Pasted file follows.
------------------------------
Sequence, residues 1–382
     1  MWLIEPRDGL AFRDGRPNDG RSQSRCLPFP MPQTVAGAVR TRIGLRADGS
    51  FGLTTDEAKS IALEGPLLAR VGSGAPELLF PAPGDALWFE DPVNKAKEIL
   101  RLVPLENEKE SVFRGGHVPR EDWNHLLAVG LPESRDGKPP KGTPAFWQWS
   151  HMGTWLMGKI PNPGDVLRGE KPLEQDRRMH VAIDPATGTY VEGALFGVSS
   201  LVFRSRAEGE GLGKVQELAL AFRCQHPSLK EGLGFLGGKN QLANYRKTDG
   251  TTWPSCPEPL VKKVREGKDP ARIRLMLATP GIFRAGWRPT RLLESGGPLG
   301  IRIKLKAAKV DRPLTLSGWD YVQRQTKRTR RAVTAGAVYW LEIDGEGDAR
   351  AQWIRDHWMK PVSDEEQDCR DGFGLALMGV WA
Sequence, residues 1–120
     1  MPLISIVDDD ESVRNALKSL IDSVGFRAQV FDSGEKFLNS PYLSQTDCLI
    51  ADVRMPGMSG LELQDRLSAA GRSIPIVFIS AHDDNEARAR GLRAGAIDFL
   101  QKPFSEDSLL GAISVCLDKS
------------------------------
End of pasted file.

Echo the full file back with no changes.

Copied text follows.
Sequence, residues 1–382
     1  MWLIEPRDGL AFRDGRPNDG RSQSRCLPFP MPQTVAGAVR TRIGLRADGS
    51  FGLTTDEAKS IALEGPLLAR VGSGAPELLF PAPGDALWFE DPVNKAKEIL
   101  RLVPLENEKE SVFRGGHVPR EDWNHLLAVG LPESRDGKPP KGTPAFWQWS
   151  HMGTWLMGKI PNPGDVLRGE KPLEQDRRMH VAIDPATGTY VEGALFGVSS
   201  LVFRSRAEGE GLGKVQELAL AFRCQHPSLK EGLGFLGGKN QLANYRKTDG
   251  TTWPSCPEPL VKKVREGKDP ARIRLMLATP GIFRAGWRPT RLLESGGPLG
   301  IRIKLKAAKV DRPLTLSGWD YVQRQTKRTR RAVTAGAVYW LEIDGEGDAR
   351  AQWIRDHWMK PVSDEEQDCR DGFGLALMGV WA
Sequence, residues 1–120
     1  MPLISIVDDD ESVRNALKSL IDSVGFRAQV FDSGEKFLNS PYLSQTDCLI
    51  ADVRMPGMSG LELQDRLSAA GRSIPIVFIS AHDDNEARAR GLRAGAIDFL
   101  QKPFSEDSLL GAISVCLDKS